F1 2022 car was unveiled yesterday in Silverstone. In this section, we look into all the exciting new features of the car and the tech behind it.
After a massive regulation change in 2014, 2022 sees a step into another era, in the aerodynamics department. The F1 2022 car is designed in such a way that it can follow more closely. The Clean air generated by the car’s now quite literally sticks them to the ground at immense speeds. But this also creates dirty air and Vortexes on the back of the car making it dirty for the next car.
The F1 2022 car, will have its design based on Close racing so the air is disturbed very less in providing clean air to the car following it making the race closer.
This new F1 2022 car, according to the data, increases the downforce of the following car by 95% compared to 35% in the current iteration following at 20 Mts and 10 Mts there is an increase of 46% according to FIA data shared with the teams. But this is only FIA Data, the likes of clever engineering will make the gains even higher.
Ground Effect is Coming Back in F1 2022 Car
Ground-effect underbody tunnels have not been permitted in Formula 1 since 1982, but the calls for their reintroduction have become rather loud in recent years. F1 has sought to reduce the current reliance on wings for downforce, which have been blamed for the “dirty air” that makes close-quarters racing difficult in modern racing, which made the idea of a return to ground effects more attractive to the rule-makers.
By creating a very pronounced entry at the front of the floor, the air moves through two Venturi tunnels. As the air flows under the car, it’s squeezed through the point closest to the ground, developing an extreme low-pressure area, creating a large amount of suction underneath. This means the floor is relied on more for downforce and reduces the wake produced by various bodywork components.
Unlike the old-school ground effects, the car won’t have sliding skirts and instead has a range of fins underneath to minimize any disturbance. To make sure each team uses the floor as it should, a standard tea tray will be developed to attach to the front of the floor. The tires will also change, as F1 moves to an 18-inch rim for 2022.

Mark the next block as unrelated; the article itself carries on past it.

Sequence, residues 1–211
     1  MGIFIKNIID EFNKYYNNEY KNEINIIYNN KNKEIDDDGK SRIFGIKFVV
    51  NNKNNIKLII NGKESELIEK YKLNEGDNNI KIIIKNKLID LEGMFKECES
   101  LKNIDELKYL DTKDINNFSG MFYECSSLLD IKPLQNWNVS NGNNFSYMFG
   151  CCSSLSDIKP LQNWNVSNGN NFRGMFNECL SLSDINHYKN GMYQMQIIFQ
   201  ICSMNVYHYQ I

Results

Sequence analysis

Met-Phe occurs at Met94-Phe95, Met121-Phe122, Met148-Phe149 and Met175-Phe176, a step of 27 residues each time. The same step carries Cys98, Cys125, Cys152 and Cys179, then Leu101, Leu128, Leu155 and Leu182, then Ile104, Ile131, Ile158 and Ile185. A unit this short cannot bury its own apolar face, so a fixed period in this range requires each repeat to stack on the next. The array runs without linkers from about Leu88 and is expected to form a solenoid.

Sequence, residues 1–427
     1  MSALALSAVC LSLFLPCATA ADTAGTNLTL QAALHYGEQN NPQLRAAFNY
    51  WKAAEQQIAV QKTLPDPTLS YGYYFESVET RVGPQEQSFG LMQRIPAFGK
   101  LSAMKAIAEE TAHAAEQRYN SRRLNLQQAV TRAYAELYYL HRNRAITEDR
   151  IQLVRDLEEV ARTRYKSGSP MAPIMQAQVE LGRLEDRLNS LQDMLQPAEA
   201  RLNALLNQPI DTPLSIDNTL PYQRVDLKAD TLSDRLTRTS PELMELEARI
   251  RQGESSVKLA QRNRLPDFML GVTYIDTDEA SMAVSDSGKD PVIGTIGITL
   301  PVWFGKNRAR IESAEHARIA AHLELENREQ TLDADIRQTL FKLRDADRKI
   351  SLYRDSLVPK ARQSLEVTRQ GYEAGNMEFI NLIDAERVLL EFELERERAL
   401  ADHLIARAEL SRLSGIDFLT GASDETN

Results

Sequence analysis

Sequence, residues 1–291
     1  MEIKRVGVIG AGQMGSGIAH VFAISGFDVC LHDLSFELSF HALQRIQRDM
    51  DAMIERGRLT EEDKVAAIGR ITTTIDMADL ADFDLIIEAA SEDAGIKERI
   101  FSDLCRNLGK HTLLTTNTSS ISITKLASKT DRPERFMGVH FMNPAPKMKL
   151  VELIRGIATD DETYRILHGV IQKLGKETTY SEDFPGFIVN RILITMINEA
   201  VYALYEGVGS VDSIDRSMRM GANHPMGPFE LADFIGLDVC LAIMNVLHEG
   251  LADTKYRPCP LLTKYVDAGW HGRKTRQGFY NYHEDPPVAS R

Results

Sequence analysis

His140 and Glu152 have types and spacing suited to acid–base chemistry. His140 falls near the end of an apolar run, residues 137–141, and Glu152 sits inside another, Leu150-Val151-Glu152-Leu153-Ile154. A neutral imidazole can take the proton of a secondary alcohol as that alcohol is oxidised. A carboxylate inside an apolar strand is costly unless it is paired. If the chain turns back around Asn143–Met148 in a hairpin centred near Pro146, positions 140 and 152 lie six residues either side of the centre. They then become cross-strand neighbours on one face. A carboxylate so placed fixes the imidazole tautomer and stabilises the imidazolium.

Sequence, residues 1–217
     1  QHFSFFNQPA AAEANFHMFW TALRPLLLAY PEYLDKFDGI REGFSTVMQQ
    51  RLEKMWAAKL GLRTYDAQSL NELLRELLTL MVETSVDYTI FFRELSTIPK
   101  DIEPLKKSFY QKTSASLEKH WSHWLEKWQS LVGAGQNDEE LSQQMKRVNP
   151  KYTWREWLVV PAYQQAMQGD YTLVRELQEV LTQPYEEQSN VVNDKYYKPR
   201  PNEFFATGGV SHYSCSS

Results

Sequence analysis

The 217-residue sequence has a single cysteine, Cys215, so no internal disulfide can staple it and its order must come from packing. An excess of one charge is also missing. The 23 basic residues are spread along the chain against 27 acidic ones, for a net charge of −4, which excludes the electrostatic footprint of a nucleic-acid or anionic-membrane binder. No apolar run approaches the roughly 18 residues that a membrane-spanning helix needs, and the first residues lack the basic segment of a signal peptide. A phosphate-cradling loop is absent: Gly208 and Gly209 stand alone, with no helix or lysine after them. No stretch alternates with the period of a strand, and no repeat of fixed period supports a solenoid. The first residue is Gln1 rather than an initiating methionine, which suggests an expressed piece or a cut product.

Same Power Unit
Many, many things are new on the 2022 car – but the power unit is not one of them, with Formula 1 set to retain the current 1.6-liter turbo-hybrid units. This is no bad thing, given that they’re already the most advanced and most efficient engines on the planet. There will, however, be some more standard components in the fuel system, as well as some additional sensors to allow the FIA to better monitor the power units. So until 2025 then…
F1 has said that it will be carbon neutral in 2030 and it’s not electrifying the cars. This means the race to produce synthetic fuels will be in full force. All the racing series across the world are potential customers. It is the main reason Porsche jumped on this so it could continue selling the specialist vehicles like 911 GT3’s. Audi did tiny research in 2015 but stopped in 2018.
Grojean and Anthoine Hubert
F1 remains a dangerous sport, so the goal to improve safety is unrelenting. The F1 2022 car will be able to absorb 15% more energy in the front and rear impact tests. The Grojean incident means, that the engine must separate from the chassis without exposing a fuel tank on impact. The Squeeze test number is also increased considerably, and a 48% increase in absorption in the homologation tests is required to certify the strength
Meanwhile, learnings from the FIA’s investigation into Formula 2 racer Anthoine Hubert’s fatal accident at Spa in 2019 were also incorporated, principally a longer nose section to help dissipate energy in a crash, together with stronger chassis sides to resist T-bone incidents. It’s also true that those safety improvements, as well as the heavier and more robust tyres, have seen a weight increase, with the minimum car weight has risen by around 5% from 752kg currently to 790kg.
F1’s Motorsports team are confident that they’ve come up with a set of regulations that can achieve their objective of closer racing, while not being so prescriptive that they prevent creativity.